How to Decipher Mixed Signals
- Kris Swiatocho, Cliff Young
- 2015 8 Jan
EDITOR'S NOTE: He Said-She Said is a biweekly advice column for singles featuring a question from a Crosswalk.com reader with responses from a male and female point of view. If you've got a question about anything related to singleness or living the single life, please submit it to email@example.com (selected questions will be posted anonymously).
QUESTION: I met a man about a month ago. We exchanged words once or twice. Went to church a week ago because he invited me, by coincidence we ended up sitting together, and then had lunch after and enjoyed one another’s company. He has called me a couple of times and texts me regularly. I think he likes me, but he won’t ask me out.
I asked him where we stand, because I get mixed signals. He's a single father of 5, 4 which are under his custody, works 40 hours a week, and he’s a youth pastor. He responded that he's not sure "at what point" he will decide to get a woman into mix of his crazy life. I understand being busy (I’m a PE teacher and middle school coach) but I’m afraid to be led on. Am I rushing? How can get past the mixed signals and see if he truly likes me?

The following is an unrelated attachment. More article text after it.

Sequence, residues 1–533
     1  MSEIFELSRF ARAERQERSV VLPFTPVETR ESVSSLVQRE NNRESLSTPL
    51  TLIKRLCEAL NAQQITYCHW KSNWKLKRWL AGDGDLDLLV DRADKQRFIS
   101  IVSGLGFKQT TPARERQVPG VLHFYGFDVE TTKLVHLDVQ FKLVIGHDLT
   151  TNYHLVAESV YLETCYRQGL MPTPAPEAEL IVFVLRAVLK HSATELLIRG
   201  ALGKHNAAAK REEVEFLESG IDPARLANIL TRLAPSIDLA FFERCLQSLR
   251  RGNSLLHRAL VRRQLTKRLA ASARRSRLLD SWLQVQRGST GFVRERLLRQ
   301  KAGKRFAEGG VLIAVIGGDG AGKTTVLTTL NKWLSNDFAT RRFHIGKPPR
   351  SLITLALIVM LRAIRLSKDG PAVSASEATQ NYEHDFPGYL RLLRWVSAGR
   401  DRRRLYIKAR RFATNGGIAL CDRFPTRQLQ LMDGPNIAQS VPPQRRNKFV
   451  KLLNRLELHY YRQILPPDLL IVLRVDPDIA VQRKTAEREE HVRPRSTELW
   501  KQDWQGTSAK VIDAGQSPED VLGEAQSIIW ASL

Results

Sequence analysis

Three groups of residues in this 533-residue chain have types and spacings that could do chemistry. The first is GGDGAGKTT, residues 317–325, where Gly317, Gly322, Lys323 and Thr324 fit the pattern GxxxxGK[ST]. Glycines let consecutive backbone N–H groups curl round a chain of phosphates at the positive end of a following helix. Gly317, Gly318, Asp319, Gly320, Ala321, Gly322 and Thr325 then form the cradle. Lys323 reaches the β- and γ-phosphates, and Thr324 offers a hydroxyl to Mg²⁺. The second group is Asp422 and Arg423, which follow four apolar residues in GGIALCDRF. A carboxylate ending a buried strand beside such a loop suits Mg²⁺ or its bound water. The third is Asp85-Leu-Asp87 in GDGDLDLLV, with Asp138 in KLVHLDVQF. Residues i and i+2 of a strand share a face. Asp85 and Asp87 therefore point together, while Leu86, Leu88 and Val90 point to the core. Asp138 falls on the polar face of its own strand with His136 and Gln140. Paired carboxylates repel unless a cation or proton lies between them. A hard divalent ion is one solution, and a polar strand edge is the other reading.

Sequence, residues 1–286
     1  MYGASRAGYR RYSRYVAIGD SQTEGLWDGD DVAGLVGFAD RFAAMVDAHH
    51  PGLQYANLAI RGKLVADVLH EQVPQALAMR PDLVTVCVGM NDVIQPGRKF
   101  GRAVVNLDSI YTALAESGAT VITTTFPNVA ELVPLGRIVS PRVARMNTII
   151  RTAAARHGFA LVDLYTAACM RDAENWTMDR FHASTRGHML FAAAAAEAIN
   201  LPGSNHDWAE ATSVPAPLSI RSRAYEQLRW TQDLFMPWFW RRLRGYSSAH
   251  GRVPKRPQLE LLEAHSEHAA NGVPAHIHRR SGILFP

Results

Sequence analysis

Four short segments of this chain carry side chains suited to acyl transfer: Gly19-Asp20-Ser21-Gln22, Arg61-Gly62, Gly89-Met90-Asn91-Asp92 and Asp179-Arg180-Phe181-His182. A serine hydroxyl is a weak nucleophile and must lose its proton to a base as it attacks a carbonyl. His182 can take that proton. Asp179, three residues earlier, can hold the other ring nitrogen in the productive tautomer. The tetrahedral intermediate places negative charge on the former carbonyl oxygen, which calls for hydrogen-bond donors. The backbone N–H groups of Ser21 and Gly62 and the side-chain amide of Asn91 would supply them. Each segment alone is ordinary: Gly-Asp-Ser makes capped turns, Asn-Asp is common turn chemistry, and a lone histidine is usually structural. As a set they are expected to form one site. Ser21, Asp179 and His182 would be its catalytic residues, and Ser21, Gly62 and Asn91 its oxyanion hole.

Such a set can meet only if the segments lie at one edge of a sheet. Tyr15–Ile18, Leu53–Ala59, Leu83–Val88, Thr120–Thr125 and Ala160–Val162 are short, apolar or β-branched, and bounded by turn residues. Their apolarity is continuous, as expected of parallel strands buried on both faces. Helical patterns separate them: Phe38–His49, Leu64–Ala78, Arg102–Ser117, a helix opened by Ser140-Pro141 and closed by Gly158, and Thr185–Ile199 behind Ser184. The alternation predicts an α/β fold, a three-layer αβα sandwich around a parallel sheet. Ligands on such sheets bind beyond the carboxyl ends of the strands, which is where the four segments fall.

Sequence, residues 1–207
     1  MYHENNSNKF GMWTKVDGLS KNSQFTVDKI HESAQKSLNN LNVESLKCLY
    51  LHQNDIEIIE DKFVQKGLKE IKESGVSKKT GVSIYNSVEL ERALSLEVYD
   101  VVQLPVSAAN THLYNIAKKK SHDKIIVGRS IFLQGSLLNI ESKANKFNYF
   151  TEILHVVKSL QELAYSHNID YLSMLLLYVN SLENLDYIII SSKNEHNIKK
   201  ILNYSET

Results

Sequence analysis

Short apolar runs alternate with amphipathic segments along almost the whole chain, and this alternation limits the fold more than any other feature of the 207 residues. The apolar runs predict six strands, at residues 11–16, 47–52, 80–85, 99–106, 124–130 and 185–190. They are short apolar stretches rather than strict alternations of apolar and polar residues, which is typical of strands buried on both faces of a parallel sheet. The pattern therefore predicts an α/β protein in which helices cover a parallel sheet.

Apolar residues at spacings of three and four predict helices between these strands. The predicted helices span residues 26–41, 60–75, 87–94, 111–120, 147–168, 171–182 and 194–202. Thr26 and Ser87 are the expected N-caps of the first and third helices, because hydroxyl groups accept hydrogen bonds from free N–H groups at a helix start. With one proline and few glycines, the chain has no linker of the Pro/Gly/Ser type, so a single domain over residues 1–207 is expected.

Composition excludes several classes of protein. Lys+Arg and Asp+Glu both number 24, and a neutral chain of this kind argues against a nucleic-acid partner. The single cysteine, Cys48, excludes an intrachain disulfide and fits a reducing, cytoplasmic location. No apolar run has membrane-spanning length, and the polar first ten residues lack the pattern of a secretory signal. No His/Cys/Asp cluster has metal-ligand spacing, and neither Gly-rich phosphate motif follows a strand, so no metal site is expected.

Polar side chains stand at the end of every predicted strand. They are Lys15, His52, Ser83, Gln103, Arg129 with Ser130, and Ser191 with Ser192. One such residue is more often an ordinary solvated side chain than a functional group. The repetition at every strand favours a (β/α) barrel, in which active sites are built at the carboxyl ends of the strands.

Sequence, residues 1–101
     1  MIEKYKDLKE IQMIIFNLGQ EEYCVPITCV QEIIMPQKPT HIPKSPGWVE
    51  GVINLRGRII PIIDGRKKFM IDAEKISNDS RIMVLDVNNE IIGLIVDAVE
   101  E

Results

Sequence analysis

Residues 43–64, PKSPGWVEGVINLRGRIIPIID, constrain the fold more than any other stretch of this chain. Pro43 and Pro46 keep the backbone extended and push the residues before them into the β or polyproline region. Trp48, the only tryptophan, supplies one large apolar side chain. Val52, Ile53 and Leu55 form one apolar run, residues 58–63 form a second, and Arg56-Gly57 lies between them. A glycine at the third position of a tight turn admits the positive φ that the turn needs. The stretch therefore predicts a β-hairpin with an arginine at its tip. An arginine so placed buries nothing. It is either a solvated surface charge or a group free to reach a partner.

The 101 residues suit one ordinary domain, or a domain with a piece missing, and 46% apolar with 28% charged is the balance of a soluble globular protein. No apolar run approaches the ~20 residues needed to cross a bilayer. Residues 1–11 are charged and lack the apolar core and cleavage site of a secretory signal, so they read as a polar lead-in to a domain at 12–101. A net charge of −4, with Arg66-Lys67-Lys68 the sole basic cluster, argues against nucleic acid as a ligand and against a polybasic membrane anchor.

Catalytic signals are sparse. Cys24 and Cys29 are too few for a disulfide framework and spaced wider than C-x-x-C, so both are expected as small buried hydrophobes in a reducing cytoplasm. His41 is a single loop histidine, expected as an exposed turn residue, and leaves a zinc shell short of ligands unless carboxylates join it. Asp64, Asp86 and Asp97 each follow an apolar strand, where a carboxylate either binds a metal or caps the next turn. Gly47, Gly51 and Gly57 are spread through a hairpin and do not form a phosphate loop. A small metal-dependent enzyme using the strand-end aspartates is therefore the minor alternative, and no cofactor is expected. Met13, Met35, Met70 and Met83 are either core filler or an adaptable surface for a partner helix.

Many of us have been taught our priorities in life should be God first, family second, and job and/or ministry third. Within the “family” category, a spouse usually comes ahead of children. What I have learned from friends and those I have dated, after a divorce those priorities shift to children, before (finding a new) spouse.
As a single, never been married, I can’t fully understand or appreciate the demands of a single parent. I just know they are enormous and probably in the balance all of the time.
Your new acquaintance has shown “interest,” but “won’t ask you out.”
What you need to remind yourself is he is not just another working guy you meet and like, nor even a single parent who shares custody of a child or two, but he is a father of five, breadwinner to them all and a youth pastor.
I watch my married friends with just a couple of children try to meet all of the demands of school, activities, church and maintaining a household and find myself in awe of them.
Having also worked a 40+ hour full-time job while serving in a youth program, I found it near impossible in my schedule to fully pursue a relationship properly. It’s hard to imagine what kind of “free” time a youth pastor and single parent of five would have to do so.
The man of your “interest” has a number of priorities ahead of dating, and you should feel fortunate to have found an admirable guy who seems to have his priorities in line. As difficult as it may be for you, in this case, the best course of action is to not push the issue with him, but rather continue to build your friendship, support him in the journey he is going through, and wait on him and God to take the next step,
Right now he is a father first and needs to be the best parent he can be without other emotional pressures. He has also committed to serving the youth in your church and needs to lead them fully by example.
If you press him for a “determine the relationship” decision, you may lose him.